What do you think recovery is?
For some, recovery might just be a word they’ve heard family members or treatment teams say. It might feel like an intangible concept, so far off in the distance that a path isn’t visible.
Recovery might be what other people experience. For you right now, well, you just might be trying to make it through each day.
You might not even want recovery. Perhaps it feels completely terrifying to let go of something that feels so familiar, safe, and secret. And we get that. Eating disorders don’t appear out of nowhere, so often they’re a very creative medium for responding to underlying needs.
Many people who reach out to Orri feel ambivalent about recovery. They know that something’s not quite right about their relationship to food and eating, but they’re also very fearful of change. Even if that change means something positive.
How we come to understand recovery is so dependent upon how we understand our eating disorder and the story of our lives so far; the underlying belief systems or past challenges that have caused us to feel unsafe or unworthy in our bodies and minds.
Bringing an awareness to these elements of our sense of self can help map out the barriers we need to overcome in recovery. If we can plot those barriers like landmarks on a map, we can find paths around and over and through them.
Recovery is more than food
For some, it might seem that recovery is all about improving the relationship to food.
When we’re in the midst of an illness like anorexia, bulimia, or binge eating disorder, often our preoccupation with food is so strong that how we show up in our lives and relationships is pretty much dictated by how we feel about food and our bodies.
This, coupled with the very real risk that eating disorders pose to our physiology, means that this part of recovery is particularly important, especially in the beginning.
But once we’ve done this important piece of work, recovery becomes so much more than food.
In fact, as we start to move away from using food behaviours as a coping mechanism, we realise that food has been the scapegoat the whole time, distracting us from the underlying complexities that were fuelling the eating disorder in the first place.
Recovery is about b e c o m i n g
But what does “becoming” mean?
Becoming is something entirely personal and sacred. It’s an evolution, a growth, from a place that we trust no longer serves us.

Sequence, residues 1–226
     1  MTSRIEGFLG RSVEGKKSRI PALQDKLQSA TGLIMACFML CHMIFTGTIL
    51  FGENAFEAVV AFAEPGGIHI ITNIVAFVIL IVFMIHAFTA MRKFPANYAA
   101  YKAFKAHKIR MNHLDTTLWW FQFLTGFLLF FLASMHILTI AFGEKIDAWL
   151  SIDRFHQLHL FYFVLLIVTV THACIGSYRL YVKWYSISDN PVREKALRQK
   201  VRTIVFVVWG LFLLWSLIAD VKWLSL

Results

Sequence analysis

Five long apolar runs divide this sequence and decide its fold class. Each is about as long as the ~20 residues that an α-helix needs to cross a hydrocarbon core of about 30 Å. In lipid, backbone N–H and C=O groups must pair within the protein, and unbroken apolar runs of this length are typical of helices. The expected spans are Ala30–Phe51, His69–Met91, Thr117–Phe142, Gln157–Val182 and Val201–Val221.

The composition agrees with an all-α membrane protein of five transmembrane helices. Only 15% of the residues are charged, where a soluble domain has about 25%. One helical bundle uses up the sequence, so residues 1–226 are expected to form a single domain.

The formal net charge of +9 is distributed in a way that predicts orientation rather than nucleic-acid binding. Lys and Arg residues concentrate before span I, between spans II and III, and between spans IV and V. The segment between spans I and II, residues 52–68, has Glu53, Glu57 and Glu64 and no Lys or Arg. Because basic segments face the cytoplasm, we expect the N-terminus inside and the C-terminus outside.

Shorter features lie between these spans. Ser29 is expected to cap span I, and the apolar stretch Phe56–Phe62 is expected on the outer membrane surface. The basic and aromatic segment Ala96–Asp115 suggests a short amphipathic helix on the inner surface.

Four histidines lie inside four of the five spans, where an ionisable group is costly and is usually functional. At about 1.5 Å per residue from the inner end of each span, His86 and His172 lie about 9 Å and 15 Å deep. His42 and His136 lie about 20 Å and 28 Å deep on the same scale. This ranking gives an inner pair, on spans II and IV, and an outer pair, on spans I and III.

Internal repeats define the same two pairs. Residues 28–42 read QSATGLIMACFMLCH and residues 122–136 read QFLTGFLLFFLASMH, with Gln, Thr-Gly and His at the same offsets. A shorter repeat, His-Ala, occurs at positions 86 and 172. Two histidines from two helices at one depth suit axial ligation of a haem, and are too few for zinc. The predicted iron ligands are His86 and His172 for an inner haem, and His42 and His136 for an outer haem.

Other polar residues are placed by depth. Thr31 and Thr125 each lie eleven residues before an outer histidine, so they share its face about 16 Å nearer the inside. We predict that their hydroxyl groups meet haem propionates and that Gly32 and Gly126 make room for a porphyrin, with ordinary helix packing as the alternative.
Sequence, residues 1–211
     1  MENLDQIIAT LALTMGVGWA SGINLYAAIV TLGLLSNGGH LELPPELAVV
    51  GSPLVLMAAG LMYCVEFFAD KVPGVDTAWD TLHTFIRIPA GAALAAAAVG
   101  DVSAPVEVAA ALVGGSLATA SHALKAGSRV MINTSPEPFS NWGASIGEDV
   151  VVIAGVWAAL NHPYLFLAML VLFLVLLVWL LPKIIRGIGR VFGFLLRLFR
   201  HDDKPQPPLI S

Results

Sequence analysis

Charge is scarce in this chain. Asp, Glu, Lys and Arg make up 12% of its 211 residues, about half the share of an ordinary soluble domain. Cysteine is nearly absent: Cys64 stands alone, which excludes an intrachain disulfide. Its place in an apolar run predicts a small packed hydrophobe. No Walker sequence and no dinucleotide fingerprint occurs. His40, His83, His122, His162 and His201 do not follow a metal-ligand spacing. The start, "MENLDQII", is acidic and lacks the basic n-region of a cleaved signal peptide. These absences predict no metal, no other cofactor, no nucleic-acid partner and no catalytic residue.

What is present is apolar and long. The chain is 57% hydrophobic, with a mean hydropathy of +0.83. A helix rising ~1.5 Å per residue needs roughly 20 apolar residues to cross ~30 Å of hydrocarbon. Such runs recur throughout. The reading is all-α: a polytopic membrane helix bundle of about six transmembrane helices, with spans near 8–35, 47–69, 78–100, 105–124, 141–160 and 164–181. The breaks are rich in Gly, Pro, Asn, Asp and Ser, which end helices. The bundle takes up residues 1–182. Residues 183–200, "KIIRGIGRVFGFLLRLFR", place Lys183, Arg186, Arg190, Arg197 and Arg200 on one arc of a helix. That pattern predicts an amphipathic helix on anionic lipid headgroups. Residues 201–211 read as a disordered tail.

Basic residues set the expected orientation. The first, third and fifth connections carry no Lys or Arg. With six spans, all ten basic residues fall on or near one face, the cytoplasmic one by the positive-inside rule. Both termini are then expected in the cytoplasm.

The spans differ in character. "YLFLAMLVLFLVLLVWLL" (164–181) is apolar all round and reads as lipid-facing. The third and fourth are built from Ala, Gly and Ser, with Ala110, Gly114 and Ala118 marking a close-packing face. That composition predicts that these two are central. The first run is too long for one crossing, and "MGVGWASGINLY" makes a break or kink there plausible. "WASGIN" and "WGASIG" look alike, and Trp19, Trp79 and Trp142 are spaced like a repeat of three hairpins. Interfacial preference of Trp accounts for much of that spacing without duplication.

As we learn to separate ourselves from the beliefs that fuelled the eating disorder – beliefs like, ‘I’ll never be good enough’, ‘I have to change’, ‘they’ll never like me’, ‘I can’t say no’, or ‘I am not allowed to do X or Y’ – we make room for beliefs that foster kindness and compassion.
“I am worthy, just as I am right now.”
“I deserve to assert my boundaries.”
“I am strong enough to handle this.”
“I can look after myself.”
“I can trust my emotions and needs.”
In recovery, we reconnect to our needs, responding to them without judgement, and instead with a tenderness that appreciates how all emotions – even the really tense and challenging ones – give texture and colour to life.
You become secure in yourself. You no longer fear being alone. You have strong boundaries in relationships that protect your energy and keep you safe. You aren’t scared of feeling sad, anxious, angry or disappointed. You honour the emotional intuition that you have, and you recognise how hard you’ve worked to protect yourself from pain in the past.
You gradually come home to yourself. You’ve dug deep and found yourself again, and slowly allowing that person to come back. They might have changed a bit, but that’s also ok.
You’re proud of the strength and commitment you’ve demonstrated in recovery, and you’re forgiving and gentle during those incredibly difficult days.
You develop a resilience along the way and a recognition that recovery isn’t unicorns and rainbows, you will still experience challenge, as we all do in life, but you no longer over-identify with challenge and see it as a reflection of personal failure.
Becoming is a state of knowing that change is inevitable, that as humans, we’re in a constant state of flux as we respond to ever-changing environments around us. You feel secure in this knowledge and trust your ability to adapt and move with the change.
One last question for you…
What do you want your recovery to look like?